Leaky gut, or the loss of intestinal barrier integrity to gut microbes, can activate immune cells to release pro-inflammatory cytokines IL-1β, IL-6, TNFα into the circulatory system. The intestinal microbiota also maintains the intestinal barrier through the production of short-chain fatty acids that serve as a primary nutrient for the tissues in the colon. These fatty acids also maintain the thickness of the mucus barrier in the gut.

The Relationship between Microbiota, Bile Acids, and Immunity

Bile acids are signaling molecules that regulate key functions in the human body. They form a crucial component of the bile produced from cholesterol in the liver that further metabolizes them by the gut microbiota into secondary bile acids. The host microbiome, therefore, can regulate bile pool size necessary for digestion, metabolism, and immune homeostasis.

In the same way that gut microbiota is needed in the synthesis of bile acids, bile acids are also able to regulate and modify gut microbial composition since their amphipathic nature is toxic for bacterial cells.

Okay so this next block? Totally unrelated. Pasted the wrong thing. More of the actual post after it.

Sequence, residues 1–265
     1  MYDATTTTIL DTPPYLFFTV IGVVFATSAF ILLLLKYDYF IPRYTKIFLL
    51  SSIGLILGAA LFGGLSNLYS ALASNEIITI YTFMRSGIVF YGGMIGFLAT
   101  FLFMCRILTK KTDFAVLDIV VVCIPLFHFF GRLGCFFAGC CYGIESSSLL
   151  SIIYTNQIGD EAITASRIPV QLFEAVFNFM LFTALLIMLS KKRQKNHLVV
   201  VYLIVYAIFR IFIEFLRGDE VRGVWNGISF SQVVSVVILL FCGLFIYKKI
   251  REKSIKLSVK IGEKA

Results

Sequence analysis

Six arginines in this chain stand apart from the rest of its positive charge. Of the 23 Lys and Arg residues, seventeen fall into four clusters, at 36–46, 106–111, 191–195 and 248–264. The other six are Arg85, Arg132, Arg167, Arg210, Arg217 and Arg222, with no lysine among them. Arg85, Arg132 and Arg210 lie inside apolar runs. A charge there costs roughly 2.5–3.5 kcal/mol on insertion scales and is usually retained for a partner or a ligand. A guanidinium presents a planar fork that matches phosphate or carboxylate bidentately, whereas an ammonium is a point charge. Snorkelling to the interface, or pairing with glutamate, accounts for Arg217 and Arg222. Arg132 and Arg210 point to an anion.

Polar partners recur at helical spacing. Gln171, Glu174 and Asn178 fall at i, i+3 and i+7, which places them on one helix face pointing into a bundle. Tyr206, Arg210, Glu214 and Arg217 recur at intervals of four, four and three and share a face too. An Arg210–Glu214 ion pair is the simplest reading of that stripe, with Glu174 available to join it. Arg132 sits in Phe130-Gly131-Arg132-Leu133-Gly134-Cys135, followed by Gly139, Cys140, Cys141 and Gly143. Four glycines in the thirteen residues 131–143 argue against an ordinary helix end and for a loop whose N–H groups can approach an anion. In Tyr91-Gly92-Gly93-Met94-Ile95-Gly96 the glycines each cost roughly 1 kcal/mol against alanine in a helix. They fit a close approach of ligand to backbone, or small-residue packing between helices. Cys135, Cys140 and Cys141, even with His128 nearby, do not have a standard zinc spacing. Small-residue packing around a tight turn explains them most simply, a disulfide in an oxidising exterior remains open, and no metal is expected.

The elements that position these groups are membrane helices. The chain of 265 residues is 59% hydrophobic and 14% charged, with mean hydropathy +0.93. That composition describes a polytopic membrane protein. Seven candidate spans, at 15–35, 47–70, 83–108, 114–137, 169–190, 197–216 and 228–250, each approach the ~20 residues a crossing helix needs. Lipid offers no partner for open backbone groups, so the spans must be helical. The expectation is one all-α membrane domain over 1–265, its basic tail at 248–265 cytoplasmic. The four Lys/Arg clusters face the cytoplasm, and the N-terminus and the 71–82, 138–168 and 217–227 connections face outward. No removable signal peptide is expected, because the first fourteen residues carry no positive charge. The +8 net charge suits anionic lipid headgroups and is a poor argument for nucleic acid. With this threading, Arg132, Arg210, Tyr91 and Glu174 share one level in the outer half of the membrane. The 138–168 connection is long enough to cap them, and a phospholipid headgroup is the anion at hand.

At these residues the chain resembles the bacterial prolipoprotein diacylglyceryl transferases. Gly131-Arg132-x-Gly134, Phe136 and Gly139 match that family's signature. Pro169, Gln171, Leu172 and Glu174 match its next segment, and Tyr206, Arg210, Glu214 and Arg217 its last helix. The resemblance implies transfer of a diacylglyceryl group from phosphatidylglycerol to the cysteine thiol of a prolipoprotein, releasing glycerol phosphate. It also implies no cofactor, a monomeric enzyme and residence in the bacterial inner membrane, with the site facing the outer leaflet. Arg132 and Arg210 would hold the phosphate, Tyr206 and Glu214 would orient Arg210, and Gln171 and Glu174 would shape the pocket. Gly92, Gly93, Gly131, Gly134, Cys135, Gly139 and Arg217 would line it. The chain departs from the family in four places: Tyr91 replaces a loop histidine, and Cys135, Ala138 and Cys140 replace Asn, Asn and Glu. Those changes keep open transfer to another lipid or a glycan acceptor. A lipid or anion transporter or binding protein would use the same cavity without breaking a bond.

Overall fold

Aside from directly fighting pathogens in the gut, bile acids and bile salts (the conjugated forms) help boost immunity by:

  • promoting nutrient absorption in the intestines
  • restricting bacterial overgrowth
  • acting as hormones that regulate nutrient metabolism via activation of certain receptors
  • helping maintain intestinal barrier function
  • balancing blood sugar
  • managing cholesterol balance

Reduced bile acid levels in the gut are associated with bacterial overgrowth and inflammation. Healthy bile is a prerequisite to a healthy gut, which supports strong immunity.

How do we protect the gut and preserve these immune-boosting functions?

Factors that can affect the balance of the microbiome-bile acid pool include:

  • Age
  • Diet
  • Antibiotics
  • Disease

Although we do not have control over our age, we can still do a lot to make sure that our intestinal barrier is intact, that our bile salt and bile acid concentration is sufficient, and that we have more “good bacteria” in our gut population. Diet gives us a major advantage.

  1. Change Your Diet
  • Include a large amount and a diversity of vegetables in your diet. Different gut bacteria need different kinds of fiber and more variation in vegetable choices is more likely to satisfy that need.